“… There has been no worthwhile discussion, let alone widespread understanding, of what information is and how it gives direction to a culture.” – Neil Postman

Though people feel an innate hunger to consume ever-increasing amounts of information, does anyone ever question why?

pick up a book (and read it).

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I’ve love to read since I was a toddler. When I was in school, people joked that reading was nerdy, but as I’ve grown I’ve discovered that fewer and fewer people seem to enjoy reading. It seems to be a leisure activity of the past; no one has time to sit down and enjoy a good book, and frankly few seem to want to.

In his book The Shallows: What the Internet Is Doing to Our Brains, Nicholas Carr points out that information has become incredibly more accessible to the masses. “Research that once required days in the stacks or periodical rooms of libraries can now be done in minutes.” As a student and advertising professional, I can appreciate the ease of online catalog searches and Google to complete even the simplest tasks. Our society has become so focused on gathering information and increasing productivity that reading lengthy text, especially for pleasure, has become a lost art. Carr quotes Joe O’Shea, a former student body president at Florida State University and 2008 Rhodes recipient. He says, “Sitting down and going through a book cover to cover doesn’t make sense. It’s not a good use of my time, as I can get the information I need faster through the web.” When Postman first wrote “Amusing Ourselves to Death”, television was the latest medium, but his references are just as applicable, if not more so, to the internet. Postman points out that “television does not ban books, it displaces them”. I found this to be incredibly poignant and meaningful. With the advent and increased use of visual, faster media, reading lengthy material is no longer desirable.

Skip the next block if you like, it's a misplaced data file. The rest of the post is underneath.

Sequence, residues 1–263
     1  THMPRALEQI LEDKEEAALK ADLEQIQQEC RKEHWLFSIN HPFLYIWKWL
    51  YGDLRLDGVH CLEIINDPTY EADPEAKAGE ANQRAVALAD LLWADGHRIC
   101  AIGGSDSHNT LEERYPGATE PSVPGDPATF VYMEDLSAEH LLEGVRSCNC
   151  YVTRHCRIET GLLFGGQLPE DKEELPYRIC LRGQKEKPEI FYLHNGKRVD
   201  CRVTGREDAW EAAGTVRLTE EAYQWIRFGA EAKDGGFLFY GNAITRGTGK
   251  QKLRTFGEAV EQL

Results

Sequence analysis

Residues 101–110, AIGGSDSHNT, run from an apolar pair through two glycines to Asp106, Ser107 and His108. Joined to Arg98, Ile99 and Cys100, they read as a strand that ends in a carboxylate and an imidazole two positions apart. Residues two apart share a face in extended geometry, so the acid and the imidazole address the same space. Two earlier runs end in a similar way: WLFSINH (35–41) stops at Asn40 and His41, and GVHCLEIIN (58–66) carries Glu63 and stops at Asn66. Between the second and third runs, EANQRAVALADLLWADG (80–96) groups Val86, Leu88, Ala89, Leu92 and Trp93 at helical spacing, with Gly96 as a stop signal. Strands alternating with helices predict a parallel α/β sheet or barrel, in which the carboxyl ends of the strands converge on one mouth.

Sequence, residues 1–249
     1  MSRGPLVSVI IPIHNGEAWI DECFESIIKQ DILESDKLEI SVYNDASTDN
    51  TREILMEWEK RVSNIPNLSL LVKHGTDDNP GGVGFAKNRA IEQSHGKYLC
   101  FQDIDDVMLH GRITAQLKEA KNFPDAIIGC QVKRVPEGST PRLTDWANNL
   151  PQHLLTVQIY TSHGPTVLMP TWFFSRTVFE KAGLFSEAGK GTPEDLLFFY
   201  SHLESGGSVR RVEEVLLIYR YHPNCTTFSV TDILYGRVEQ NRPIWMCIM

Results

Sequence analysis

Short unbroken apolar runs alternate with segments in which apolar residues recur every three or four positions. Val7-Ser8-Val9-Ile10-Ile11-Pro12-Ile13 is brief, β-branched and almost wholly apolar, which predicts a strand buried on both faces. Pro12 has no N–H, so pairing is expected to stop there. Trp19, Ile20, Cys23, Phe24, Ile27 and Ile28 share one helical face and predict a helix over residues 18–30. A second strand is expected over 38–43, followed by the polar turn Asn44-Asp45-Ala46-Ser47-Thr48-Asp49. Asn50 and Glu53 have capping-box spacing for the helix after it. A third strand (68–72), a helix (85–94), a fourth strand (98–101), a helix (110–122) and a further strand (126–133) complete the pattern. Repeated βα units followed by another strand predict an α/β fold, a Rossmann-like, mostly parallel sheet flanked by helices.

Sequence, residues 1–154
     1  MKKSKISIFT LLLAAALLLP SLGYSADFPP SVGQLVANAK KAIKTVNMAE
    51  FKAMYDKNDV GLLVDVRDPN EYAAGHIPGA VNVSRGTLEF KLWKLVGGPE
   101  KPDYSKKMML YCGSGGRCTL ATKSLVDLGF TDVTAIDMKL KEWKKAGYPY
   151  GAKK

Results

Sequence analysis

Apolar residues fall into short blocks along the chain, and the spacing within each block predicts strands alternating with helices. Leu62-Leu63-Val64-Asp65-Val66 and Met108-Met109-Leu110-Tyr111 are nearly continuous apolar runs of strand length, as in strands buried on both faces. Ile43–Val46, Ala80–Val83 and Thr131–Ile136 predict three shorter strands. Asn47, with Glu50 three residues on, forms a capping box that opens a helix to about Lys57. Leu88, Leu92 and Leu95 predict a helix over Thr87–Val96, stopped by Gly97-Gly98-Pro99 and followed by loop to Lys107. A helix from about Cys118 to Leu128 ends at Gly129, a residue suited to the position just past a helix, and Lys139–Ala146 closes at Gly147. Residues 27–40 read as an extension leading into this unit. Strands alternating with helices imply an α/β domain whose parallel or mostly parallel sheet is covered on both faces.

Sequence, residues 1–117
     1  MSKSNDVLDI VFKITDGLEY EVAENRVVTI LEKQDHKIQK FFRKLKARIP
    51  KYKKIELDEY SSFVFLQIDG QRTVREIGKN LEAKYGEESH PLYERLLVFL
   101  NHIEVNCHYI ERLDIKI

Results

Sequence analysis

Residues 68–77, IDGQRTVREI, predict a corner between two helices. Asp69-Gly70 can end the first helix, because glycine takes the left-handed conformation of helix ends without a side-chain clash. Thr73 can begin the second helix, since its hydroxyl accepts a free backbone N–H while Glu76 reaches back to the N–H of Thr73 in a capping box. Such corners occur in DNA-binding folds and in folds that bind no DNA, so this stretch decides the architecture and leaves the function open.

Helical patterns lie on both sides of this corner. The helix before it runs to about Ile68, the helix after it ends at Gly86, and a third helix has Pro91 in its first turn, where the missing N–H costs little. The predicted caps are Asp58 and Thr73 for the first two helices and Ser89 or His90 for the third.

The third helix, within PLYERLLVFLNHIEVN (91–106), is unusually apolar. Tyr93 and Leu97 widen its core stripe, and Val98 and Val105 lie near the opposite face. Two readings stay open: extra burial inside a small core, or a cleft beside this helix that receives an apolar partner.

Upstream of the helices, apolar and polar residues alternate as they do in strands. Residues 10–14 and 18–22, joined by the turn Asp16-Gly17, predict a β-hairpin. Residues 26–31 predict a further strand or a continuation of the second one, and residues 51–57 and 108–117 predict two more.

The lack of reading interest, especially in our youth, has caused me concern for a few years. I wrote my undergraduate thesis about the concept of a nonprofit organization hoping to reverse the process, especially in younger generations. Though I’ve barely begun reading Carr’s book, he has already made some interesting observations about how technology has changed our culture. I’m excited to continue progressing with this topic!

media ecology on my mind.

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A friend of mine recently recommended Neil Postman’s “Amusing Ourselves to Death: Public Discourse in the Age of Show Business”. I’d never heard of the author and was a little put off by its intense title. I flipped through the first chapter and realized how frequently Postman references Orwell and Huxley – I’ve always enjoyed “1984” and wanted to read “Brave New World” before I started. Postman finally topped my reading list last fall.

I’ve never read a more interesting and culturally relevant book in my life. Though the material was deep and made for intense reading, I gleaned so much from Postman’s words. I have a new found interest in the field of media ecology and plan to continue my research in this area and possibly pursue a career in it. I’m creating this blog to house my thoughts on various texts, blogs, theories and other resources.

I chose the name of the blog based on a quote from “Amusing Ourselves…”. In the final chapter, Postman notes that “the problem, in any case, does not reside in what people watch. The problem is in that we watch. The solution must be to find out how we watch”. He goes on to say that “there has been no worthwhile discussion, let alone widespread understanding, of what information is and how it gives direction to a culture”. As consumers of media, I don’t think we ever question the medium or the effect it has on our society as a whole. We are constantly seeking new information at faster speeds, but what is the purpose? I merely seek to question our motives and assess the influence these changes have on our culture. As Postman says, “To ask is to break the spell.”